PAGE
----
The Cana Ramblers - No Expectations

The Cana Ramblers - No Expectations

The Cana Ramblers
No Expectations
Cana Mania Records CR09

The Cana Ramblers, from the music-rich North Carolina/Virginia border, feature songwriter Philip Jones, his three talented kids (ages 17 to 23), and Rick Allred, best known as a member of the Country Gentlemen and Summer Wages during the late 1970s and early 1980s. No Expectations, their first album in five years, demonstrates a mature, diverse unit that has packaged the best of ’70s-style bluegrass for the twenty-first century.

The ’70s were when today’s bluegrass world started to take shape, as the bluegrass festivals, publications, and labels that emerged during the ’60s matured. The Woodstock-influenced festivals of the era morphed into the family-style bluegrass festivals of today. Iconic bands—the Seldom Scene, J.D. Crowe & the New South, Johnson Mountain Boys, New Grass Revival, Hot Rize, and Doyle Lawson & Quicksilver—emerged while the stars of the first generation were entering their fifties.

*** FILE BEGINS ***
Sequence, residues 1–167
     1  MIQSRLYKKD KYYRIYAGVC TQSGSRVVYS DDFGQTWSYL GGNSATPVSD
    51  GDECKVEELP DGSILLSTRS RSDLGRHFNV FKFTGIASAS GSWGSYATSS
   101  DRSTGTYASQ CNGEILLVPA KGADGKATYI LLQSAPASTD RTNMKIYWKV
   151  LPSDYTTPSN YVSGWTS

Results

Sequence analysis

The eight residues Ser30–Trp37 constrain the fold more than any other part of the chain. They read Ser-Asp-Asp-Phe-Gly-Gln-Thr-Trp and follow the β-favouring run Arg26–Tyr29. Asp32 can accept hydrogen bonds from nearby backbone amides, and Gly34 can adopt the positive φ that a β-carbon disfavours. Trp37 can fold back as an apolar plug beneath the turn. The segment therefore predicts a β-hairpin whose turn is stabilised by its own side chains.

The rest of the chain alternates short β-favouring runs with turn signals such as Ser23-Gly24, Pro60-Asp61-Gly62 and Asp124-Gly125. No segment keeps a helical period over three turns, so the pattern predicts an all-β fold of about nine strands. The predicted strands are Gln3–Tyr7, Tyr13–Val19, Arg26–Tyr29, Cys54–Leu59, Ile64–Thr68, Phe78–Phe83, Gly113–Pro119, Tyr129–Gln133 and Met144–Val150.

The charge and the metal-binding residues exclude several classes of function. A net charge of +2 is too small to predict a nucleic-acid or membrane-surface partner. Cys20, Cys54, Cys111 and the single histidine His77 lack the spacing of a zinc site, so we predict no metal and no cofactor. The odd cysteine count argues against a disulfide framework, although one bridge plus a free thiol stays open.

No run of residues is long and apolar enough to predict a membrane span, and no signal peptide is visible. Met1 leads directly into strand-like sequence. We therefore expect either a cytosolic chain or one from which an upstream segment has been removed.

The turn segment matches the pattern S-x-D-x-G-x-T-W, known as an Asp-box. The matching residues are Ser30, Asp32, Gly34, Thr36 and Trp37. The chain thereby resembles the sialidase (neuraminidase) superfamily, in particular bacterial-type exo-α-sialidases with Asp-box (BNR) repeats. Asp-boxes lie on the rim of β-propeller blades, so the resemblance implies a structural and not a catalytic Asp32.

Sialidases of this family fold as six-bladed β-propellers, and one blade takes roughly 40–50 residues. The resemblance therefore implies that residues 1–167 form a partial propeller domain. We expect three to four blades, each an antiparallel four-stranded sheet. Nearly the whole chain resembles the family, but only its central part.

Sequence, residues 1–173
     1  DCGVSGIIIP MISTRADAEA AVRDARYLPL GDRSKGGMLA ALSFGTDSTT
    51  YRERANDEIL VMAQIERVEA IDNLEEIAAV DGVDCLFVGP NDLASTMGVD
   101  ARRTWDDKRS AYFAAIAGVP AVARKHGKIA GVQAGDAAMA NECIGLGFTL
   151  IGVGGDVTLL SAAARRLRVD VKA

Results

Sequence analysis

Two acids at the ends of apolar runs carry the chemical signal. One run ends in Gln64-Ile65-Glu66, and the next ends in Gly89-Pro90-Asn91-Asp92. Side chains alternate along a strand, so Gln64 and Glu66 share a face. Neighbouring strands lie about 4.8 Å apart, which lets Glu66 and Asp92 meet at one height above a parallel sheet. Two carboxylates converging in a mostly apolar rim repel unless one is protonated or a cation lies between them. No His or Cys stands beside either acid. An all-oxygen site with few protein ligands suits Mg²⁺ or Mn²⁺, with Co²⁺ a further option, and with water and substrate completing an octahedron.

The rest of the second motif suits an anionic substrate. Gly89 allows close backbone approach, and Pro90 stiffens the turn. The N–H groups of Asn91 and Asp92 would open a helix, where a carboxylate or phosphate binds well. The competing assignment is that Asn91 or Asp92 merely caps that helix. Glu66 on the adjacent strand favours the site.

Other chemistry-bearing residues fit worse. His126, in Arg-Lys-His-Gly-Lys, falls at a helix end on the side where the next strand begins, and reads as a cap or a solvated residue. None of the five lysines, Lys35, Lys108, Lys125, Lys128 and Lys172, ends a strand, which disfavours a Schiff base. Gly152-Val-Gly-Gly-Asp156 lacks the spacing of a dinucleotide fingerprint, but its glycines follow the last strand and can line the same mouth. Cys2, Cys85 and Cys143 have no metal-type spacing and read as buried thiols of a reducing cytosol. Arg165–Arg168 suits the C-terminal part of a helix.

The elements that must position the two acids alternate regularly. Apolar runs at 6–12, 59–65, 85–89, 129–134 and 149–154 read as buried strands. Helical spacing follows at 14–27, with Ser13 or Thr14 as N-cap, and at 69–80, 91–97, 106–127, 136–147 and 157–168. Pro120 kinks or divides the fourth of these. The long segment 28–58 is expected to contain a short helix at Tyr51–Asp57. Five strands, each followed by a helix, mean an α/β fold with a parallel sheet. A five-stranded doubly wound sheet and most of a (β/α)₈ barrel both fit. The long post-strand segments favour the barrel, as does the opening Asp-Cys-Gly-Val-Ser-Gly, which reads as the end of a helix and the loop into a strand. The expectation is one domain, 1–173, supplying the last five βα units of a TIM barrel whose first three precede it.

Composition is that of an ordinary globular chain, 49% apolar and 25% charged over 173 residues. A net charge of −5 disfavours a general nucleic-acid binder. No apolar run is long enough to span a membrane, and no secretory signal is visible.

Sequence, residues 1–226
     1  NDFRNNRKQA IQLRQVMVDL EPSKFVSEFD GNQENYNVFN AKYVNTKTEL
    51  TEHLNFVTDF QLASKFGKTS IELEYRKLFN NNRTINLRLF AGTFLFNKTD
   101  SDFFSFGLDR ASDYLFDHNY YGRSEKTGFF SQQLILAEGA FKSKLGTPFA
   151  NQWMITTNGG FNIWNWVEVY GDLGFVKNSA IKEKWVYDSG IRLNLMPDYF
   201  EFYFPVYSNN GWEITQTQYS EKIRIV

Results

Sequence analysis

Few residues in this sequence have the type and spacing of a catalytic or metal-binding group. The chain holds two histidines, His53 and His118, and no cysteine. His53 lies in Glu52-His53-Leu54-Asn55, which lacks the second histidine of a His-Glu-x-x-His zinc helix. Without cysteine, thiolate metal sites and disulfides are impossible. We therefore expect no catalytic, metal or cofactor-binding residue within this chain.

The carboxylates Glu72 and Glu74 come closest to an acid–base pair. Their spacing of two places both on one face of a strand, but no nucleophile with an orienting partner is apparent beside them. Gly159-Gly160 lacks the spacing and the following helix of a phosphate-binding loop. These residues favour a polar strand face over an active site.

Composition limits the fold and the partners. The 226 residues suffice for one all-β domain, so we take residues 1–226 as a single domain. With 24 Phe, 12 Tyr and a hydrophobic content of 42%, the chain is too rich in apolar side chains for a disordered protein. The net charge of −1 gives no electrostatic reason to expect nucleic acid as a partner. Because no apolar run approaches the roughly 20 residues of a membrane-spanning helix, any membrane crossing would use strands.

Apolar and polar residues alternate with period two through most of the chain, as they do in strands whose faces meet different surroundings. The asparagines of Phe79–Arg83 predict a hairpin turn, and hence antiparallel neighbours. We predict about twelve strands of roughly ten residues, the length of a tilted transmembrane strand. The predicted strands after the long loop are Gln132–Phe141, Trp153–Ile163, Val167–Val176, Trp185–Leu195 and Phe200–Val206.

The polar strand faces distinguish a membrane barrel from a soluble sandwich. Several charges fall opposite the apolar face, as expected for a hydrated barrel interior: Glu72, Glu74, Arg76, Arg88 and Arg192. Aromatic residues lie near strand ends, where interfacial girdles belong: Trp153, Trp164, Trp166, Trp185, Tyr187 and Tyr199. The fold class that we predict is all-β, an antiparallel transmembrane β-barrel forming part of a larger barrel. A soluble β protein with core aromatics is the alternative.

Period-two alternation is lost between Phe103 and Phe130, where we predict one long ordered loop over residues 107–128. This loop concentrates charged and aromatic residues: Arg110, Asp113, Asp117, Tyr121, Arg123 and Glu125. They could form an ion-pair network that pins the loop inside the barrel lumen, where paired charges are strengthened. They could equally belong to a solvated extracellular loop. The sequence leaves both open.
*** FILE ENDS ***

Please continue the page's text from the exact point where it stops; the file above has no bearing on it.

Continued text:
The Cana Ramblers capture the experimental variety of that era on No Expectations. Just look at the title track: a cover of the New Deal String Band’s cover of a Rolling Stones song, but with innovation in the form of a female lead vocal from Ashley Jones. Turning pop music into bluegrass was a sign of those times just as much as revisiting the classics of bluegrass and country. From the latter, we get “Will You Be Loving Another Man,” “California Cottonfields,” and “She Thinks I Still Care.” Laurie Leigh Jones’ operatic powerhouse of a voice drives “Luxury Liner,” a perfect example of the borrowing from contemporary music that was happening during the ’70s.

That time also brought a rebirth of bluegrass songwriting as folks began to selfidentify as such. Philip, who handles rhythm guitar, began writing songs then and composed five of the 16 on this release. His work ranges from a silly love song about materialism in “Things, Things, Things” to the emotionally charged “The Farm.” Laura Leigh provided the lead-off cut, “Heartaches And Teardrops,” while lead guitarist Will Jones composed “Cash’s Last Ride” when he was only 12 years old, after playing on the great man’s last show at the Carter Fold.

The Cana Ramblers deliver a full package of youth and experience, strong picking, well-arranged harmonies, diverse material that’s new and familiar, and four lead singers. Throughout the album, the band provides both the youthful exuberance and the certain lightness-of-being that marked the 1970s—all reinterpreted and updated for today. (Cana Mania Records, 1046 Brushy Fork Rd., Cana, VA 24317, www.canaramblers.com.) AM